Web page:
As more of the world's businesses move their infrastructure and services online, a greater amount of data will be vulnerable. In other words, the next few years will be a gold rush for cybercriminals.
The report, "The Future of Cybercrime & Security: Financial and Corporate Threats & Mitigation," says a single breach costs a company about $6 million on average. But with more infrastructure vital to a business's operation going online, the figure is expected to grow to $150 million by 2020. For large companies, that financial hit might be a major inconvenience; for small companies, it would be catastrophic.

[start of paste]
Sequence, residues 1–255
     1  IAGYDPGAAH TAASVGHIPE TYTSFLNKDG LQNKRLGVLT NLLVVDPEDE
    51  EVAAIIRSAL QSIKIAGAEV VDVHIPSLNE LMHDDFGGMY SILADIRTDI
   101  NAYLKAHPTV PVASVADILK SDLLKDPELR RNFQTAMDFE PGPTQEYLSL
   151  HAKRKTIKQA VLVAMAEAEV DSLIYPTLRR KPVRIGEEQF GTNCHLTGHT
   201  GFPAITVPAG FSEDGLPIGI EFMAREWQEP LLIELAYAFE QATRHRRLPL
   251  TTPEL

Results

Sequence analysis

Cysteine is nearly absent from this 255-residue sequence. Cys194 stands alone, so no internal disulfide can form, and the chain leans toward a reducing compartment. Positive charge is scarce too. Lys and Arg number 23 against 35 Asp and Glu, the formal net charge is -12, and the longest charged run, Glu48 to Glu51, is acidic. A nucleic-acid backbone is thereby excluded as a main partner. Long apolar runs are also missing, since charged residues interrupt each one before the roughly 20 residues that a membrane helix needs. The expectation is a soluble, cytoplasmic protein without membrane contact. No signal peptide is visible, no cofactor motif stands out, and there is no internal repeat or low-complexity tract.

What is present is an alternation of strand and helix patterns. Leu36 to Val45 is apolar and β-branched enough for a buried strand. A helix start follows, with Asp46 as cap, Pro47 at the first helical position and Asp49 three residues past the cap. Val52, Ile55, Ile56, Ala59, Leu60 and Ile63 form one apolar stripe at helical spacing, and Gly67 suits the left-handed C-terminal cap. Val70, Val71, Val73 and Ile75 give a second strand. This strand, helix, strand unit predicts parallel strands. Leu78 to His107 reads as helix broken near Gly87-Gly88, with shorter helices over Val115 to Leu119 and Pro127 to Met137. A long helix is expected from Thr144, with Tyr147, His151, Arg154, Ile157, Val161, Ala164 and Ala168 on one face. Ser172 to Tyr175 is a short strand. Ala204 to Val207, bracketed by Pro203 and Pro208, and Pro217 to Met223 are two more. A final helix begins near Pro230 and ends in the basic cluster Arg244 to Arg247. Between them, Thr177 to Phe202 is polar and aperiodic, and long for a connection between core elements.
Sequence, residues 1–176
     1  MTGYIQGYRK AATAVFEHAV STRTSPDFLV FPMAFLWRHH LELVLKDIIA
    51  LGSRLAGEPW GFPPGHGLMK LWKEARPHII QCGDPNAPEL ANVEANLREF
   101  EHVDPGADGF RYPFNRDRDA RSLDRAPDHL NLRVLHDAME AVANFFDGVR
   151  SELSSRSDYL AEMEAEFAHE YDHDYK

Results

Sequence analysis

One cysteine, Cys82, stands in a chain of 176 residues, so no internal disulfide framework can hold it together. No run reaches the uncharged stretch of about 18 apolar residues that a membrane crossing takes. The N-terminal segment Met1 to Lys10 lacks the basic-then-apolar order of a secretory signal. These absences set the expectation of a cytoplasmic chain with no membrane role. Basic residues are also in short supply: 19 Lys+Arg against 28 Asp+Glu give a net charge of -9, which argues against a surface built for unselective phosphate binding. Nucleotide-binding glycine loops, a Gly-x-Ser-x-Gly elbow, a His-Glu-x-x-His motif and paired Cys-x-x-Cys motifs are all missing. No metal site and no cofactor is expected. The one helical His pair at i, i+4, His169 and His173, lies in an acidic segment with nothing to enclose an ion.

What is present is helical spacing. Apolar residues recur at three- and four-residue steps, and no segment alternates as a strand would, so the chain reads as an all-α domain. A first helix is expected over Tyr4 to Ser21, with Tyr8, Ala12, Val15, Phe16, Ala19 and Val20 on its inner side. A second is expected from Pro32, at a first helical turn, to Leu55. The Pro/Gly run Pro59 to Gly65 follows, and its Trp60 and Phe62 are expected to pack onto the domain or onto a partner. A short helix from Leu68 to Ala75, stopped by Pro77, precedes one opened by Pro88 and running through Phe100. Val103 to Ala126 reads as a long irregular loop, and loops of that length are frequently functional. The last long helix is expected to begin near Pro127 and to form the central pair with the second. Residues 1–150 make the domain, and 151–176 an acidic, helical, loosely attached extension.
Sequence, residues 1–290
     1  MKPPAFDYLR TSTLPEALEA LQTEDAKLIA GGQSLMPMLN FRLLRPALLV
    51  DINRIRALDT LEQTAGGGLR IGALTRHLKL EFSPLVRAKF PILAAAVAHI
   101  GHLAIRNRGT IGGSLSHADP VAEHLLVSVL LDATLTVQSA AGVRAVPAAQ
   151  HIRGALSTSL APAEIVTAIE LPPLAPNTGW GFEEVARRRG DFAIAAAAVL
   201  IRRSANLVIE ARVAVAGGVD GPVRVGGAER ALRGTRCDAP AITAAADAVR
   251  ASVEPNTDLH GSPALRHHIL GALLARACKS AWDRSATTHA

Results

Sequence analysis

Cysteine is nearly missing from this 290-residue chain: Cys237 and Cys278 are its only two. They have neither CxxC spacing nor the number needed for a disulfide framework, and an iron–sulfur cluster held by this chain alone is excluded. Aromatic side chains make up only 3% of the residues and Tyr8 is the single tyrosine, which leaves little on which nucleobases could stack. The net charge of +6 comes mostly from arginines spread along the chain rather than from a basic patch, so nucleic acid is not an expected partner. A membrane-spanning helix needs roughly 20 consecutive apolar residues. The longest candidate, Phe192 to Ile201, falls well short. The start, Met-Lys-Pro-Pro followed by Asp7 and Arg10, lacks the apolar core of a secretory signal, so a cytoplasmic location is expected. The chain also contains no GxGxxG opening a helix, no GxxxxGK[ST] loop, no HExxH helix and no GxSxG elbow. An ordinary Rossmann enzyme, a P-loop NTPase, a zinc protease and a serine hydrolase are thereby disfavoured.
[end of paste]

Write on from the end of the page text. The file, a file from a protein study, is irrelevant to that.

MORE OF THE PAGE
"The cost of cybercrime is disproportionately heavy on smaller businesses," writes James Moar, the report's author. "Larger organizations are more likely to be able to weather the resultant costs from a large-scale data breach."
By 2020, Juniper says, there could be 16,000 data breaches annually, compared with about 5,800 this year. Sixty percent of data breaches worldwide this year will be in North America, according to the report, but they will be more dispersed across the globe in the coming years as developing countries bring their IT infrastructure online.